Synergetics employs 60-degree coordination instead of the usual 90-degree coordination. The triangle (and the tetrahedron) instead of the square (and the cube) is the fundamental geometric unit. The tetrahedron is the minimal system with the fewest possible points.
Fuller argued that reality is not made of "things", but of angle and frequency events. All experience can be reduced to only angles and frequencies. Fuller found "prisms" to be ubiquitous in nature and in culture. All systems contained in the universe are polyhedral, "universe" being the collection of all experiences of all individuals.
Synergetics rediscovers, in an almost mystical way, most of traditional science, but mainly through topological considerations (with traditional topology extended to "omnitopology"). For example, Synergetics proves that the universe is finite and expanding, and that Planck's constant is a "cosmic relationship". Synergetics unifies Physics and Metaphysics.
The Belgian (but Russian-born) physicist Ilya Prigogine showed that all biological systems actually belong to the same class of systems: they are all dissipative systems.
Classical Physics describes the world as a static and reversible system that undergoes no evolution, whose information is constant in time. Classical Physics is the science of being. Thermodynamics, instead, describes an evolving world in which irreversible processes occur. Thermodynamics is the science of becoming.
The second law of Thermodynamics, in particular, describes the world as evolving from order to disorder, while biological evolution is about the complex emerging from the simple (i.e. order arising from disorder). While apparently contradictory, these two views show that irreversible processes are an essential part of the universe.
Furthermore, conditions far from equilibrium foster phenomena such as life that classical Physics does not cover at all.
Irreversible processes and non-equilibrium states turn out to be fundamental features of the real world.
Prigogine distinguishes between "conservative" systems (which are governed by the three conservation laws for energy, translational momentum and angular momentum, and which give rise to reversible processes) and "dissipative" systems (subject to flows of energy and/or matter). The latter give rise to irreversible processes.
The theme of science is order. Order can come either from equilibrium systems or from non-equilibrium systems that are sustained by a constant source (or, equivalently, by a persistent dissipation) of matter/energy. In the latter systems, order is generated by the flow of matter/energy. All living organisms (including the biosphere as a whole) are non-equilibrium systems.
Prigogine proved that, under special circumstances, the distance from equilibrium and the nonlinearity of a system drive the system to ordered configurations, i.e. create order. The science of being and the science of becoming describe dual aspects of Nature.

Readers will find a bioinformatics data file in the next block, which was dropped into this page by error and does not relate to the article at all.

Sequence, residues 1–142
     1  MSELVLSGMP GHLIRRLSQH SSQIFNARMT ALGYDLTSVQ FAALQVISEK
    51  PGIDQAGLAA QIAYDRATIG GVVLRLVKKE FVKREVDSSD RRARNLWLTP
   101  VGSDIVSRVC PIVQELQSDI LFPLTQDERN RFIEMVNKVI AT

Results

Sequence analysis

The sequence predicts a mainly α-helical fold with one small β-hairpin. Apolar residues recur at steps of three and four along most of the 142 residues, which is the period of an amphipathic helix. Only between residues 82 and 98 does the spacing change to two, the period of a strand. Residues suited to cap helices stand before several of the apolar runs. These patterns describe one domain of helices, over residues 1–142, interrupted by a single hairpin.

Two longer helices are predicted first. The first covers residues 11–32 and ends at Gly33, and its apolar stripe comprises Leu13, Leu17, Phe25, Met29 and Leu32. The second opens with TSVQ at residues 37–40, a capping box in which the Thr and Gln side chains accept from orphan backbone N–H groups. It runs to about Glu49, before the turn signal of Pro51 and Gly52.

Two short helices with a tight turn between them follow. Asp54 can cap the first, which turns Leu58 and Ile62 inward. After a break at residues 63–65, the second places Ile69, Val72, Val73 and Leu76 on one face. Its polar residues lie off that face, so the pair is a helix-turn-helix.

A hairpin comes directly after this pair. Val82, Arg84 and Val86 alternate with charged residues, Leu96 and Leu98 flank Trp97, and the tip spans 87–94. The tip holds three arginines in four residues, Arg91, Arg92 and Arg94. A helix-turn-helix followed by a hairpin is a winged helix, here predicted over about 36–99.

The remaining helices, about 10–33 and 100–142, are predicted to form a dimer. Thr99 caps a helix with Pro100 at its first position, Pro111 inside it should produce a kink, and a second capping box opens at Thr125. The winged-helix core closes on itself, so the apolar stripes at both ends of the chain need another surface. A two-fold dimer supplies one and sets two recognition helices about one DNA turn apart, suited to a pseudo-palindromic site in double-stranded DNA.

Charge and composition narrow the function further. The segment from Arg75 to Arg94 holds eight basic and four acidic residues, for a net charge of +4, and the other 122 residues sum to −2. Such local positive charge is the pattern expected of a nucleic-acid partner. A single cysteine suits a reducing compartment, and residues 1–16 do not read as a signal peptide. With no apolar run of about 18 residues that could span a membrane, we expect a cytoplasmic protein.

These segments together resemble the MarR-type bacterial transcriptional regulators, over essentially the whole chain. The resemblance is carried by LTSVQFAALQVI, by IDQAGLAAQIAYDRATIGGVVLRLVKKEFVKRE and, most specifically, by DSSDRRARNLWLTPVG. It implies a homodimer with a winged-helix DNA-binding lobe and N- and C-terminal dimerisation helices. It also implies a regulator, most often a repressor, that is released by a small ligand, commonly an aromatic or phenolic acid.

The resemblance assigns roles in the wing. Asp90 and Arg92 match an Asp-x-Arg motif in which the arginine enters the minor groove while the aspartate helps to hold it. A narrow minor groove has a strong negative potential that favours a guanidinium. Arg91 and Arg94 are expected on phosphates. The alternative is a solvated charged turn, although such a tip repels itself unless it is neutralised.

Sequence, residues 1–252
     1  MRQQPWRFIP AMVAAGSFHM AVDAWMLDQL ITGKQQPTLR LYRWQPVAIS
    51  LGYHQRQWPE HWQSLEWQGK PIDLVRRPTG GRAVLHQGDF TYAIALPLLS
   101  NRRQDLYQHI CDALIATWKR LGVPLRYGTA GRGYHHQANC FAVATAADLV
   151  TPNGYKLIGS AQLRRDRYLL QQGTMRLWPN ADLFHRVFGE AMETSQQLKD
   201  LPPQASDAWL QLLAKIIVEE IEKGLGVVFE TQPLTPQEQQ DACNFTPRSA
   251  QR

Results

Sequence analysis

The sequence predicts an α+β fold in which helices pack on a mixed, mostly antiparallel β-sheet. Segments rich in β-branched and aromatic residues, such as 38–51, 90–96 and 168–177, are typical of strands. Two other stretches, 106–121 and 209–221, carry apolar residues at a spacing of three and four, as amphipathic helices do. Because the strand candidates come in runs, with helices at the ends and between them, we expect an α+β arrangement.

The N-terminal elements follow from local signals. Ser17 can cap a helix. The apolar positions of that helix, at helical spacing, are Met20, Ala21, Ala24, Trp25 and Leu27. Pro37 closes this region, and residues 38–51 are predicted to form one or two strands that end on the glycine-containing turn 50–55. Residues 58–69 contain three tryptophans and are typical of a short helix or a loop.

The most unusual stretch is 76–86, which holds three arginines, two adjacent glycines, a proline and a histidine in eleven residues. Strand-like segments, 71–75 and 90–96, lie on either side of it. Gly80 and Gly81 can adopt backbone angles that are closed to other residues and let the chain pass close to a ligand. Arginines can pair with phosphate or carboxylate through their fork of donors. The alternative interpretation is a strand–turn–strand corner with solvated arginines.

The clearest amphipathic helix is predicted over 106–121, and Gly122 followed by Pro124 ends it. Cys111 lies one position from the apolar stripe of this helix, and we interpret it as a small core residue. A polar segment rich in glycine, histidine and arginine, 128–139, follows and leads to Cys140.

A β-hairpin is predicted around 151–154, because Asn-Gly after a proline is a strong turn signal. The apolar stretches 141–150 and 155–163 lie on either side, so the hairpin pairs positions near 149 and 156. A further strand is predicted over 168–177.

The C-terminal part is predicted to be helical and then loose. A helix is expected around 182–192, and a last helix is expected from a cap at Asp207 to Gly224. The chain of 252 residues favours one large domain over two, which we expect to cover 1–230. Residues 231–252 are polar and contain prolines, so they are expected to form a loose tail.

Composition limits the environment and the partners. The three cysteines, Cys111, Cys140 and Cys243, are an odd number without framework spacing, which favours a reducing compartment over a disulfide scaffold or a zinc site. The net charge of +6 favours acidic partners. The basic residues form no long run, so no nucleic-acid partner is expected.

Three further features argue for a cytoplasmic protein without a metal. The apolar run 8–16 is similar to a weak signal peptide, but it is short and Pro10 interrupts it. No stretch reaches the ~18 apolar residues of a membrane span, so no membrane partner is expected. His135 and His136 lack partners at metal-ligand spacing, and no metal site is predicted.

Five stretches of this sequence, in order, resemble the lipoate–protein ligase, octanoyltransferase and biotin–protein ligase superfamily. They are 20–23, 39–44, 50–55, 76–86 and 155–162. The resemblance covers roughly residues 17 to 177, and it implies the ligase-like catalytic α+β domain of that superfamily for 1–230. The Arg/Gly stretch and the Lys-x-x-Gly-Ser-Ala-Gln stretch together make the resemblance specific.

What is needed is a combination of factors that are exactly the ones found in living matter: a system made of a large collection of independent units which are interacting with each other; a flow of energy through the system that drives the system away from equilibrium; and nonlinearity. Nonlinearity expresses the fact that a perturbation of the system may reverberate and have disproportionate effects.
Non-equilibrium and nonlinearity favor the spontaneous development of self-organizing systems, which maintain their internal organization, regardless of the general increase in entropy, by expelling matter and energy in the environment.
When such a system is driven away from equilibrium, local fluctuations appear. This means that the system gets very unstable in some places. Localized tendencies to deviate from equilibrium are amplified. When a threshold of instability is reached, one of these runaway fluctuations is so amplified that it takes over as a macroscopic pattern. Order appears from disorder through what are initially small fluctuations within the system. Most fluctuations die along the way, but some survive the instability and carry the system beyond the threshold: those fluctuations "create" new form for the system. Fluctuations become sources of innovation and diversification.
The potentialities of nonlinearity are dormant at equilibrium but are revealed by non-equilibrium: multiple solutions appear and therefore diversification of behavior becomes possible.
Technically speaking, nonlinear systems driven away from equilibrium can generate instabilities that lead to "bifurcations" (and "symmetry breaking" beyond bifurcation). When the system reaches the bifurcation point, it is impossible to determine which path it will take next. Chance rules. Once the path is chosen, determinism resumes.
The multiplicity of solutions in nonlinear systems can even be interpreted as a process of gradual "emancipation" from the environment.
Most of Nature is made of such "dissipative" systems, of systems subject to fluxes of energy and/or matter. Dissipative systems conserve their identity thanks to the interaction with the external world. In dissipative structures, non-equilibrium becomes a source of order.
In general, self-organization is the spontaneous emergence of ordered structure and behavior in open systems that are in a state far from equilibrium described mathematically by nonlinear equations.